Difference Between Personal and Shared Vision
Peter Senge created a video that differentiates Personal Vision from Shared Vision. Here’s how Dr. Eva Fabraquel (DepED Region-6 District Supervisor) summarized her insights to Senge’s video.
Often times we mistaken personal from shared. As with Peter Senge’s example, a personal vision of someone with authority or with high position that is to be carried out because of his/her status, isn’t a shared vision at all.
We all have our own different versions of our own visions which push and motivate us to move forward as we go along with our life and work. Basically, personal vision is the foundation of a shared vision.
Throughout our lives, we tend to talk to many people about how we see things; what do we believe in, what is our life’s mission, what we aim to achieve, and what do we want for the future. We should also keep in mind that this “Diversity” is what a shared vision is made of. People who memorizes Vision, Mission, and Goals from different institutions and then just say it whenever they are asked to is not a shared vision.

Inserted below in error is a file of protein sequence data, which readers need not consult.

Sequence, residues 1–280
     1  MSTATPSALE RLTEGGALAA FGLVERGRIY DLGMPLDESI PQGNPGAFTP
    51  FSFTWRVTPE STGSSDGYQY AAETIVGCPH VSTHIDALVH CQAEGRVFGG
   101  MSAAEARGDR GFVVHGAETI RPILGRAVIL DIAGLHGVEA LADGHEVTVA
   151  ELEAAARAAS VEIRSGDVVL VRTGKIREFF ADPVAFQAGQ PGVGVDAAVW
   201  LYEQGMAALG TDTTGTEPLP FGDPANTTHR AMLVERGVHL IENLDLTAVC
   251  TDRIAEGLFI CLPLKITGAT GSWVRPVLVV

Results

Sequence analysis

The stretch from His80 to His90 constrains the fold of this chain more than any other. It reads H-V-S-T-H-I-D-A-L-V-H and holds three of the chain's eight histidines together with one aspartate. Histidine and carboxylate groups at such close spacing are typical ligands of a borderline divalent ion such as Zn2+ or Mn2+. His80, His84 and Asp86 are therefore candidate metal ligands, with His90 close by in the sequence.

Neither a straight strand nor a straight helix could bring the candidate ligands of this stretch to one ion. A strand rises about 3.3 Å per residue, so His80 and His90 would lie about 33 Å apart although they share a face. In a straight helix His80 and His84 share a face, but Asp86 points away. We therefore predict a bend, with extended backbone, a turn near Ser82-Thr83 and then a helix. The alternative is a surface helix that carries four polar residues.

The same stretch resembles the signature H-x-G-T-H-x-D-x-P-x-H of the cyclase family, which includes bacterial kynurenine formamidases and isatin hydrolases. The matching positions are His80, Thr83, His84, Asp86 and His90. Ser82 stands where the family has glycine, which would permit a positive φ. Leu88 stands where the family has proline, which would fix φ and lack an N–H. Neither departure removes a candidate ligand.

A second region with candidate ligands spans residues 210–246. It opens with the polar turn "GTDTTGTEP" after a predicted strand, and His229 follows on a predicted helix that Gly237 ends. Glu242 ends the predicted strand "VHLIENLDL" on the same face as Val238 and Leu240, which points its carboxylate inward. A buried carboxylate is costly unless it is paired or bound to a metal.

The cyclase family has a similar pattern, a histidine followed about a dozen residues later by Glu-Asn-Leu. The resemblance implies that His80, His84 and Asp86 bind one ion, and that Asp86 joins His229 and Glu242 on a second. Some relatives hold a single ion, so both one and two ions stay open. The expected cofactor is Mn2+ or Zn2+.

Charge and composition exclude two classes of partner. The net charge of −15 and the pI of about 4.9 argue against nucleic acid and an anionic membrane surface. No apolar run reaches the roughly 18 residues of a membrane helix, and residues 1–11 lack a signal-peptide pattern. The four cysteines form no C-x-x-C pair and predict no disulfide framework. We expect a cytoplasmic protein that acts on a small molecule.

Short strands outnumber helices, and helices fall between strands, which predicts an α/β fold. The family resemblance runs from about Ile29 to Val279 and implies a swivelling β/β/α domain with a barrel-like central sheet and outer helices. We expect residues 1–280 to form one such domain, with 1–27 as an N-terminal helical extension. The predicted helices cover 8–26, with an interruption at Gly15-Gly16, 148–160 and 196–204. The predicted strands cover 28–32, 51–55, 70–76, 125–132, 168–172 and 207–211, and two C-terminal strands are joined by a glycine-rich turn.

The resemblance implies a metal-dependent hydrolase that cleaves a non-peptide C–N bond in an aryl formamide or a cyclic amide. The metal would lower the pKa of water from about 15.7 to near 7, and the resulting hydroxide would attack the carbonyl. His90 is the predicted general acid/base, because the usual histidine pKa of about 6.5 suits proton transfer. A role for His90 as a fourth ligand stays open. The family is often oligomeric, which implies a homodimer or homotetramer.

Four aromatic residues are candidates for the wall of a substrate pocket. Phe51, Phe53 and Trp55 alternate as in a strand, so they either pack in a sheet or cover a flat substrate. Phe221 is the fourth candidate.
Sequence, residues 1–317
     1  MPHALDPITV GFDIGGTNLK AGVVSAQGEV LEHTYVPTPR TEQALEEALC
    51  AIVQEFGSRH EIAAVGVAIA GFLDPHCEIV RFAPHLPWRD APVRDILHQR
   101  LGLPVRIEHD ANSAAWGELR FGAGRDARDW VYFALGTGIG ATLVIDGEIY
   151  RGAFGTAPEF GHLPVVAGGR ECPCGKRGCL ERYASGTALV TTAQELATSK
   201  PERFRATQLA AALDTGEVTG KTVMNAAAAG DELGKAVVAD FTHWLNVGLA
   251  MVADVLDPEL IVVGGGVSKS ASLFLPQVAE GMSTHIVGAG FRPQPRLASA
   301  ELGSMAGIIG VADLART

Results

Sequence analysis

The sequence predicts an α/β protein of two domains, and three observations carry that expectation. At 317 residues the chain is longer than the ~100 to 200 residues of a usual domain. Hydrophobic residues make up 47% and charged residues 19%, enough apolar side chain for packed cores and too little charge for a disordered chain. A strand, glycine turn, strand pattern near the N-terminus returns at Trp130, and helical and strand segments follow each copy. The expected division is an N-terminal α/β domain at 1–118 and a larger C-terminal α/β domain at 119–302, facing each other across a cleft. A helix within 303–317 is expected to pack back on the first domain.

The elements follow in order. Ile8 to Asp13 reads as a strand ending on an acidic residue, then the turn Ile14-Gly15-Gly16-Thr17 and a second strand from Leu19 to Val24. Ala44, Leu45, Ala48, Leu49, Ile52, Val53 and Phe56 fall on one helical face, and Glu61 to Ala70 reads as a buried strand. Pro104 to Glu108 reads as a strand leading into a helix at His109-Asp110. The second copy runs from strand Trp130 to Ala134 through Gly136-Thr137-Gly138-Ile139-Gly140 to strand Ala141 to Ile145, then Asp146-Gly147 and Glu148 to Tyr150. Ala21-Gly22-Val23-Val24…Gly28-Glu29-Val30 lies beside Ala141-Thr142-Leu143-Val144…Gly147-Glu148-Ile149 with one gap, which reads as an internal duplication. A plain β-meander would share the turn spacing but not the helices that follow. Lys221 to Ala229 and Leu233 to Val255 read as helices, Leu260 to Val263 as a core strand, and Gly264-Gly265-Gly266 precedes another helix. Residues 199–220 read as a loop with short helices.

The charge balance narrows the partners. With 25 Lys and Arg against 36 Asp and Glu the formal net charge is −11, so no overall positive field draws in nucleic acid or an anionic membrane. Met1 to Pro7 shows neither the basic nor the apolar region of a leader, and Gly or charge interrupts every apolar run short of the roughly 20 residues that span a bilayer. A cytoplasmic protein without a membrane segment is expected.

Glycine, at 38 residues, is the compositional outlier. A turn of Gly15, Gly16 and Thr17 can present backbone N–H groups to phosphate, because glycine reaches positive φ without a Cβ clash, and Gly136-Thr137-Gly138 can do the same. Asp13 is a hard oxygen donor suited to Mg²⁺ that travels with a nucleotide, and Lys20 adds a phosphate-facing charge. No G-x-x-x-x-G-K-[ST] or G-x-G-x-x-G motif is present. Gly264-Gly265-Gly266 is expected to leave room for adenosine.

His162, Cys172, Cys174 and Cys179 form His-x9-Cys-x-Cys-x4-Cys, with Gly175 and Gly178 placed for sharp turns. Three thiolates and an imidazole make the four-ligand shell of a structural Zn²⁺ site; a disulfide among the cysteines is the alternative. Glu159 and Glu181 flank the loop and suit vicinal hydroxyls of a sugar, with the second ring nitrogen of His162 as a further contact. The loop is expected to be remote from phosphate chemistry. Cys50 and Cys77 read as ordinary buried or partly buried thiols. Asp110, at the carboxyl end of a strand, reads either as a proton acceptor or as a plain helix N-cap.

We tend to view things differently and we can see things in different perspectives, but as Peter said, shared vision is viewing a vision at its entirety through the eyes of different people that belong/focuses on different views. Even though we are taking different actions, the path at the end is still the same.
For example, our vision is to have the ideal Educational System. We may take different roads, go through different conflicts, but the goal at the end is for us to uplift our learners and give them the best possible education that we can. That is a shared vision.
In summary, all roads can converge into one in a long-term perspective. One may see the other differently, but in the end, it’s all the same.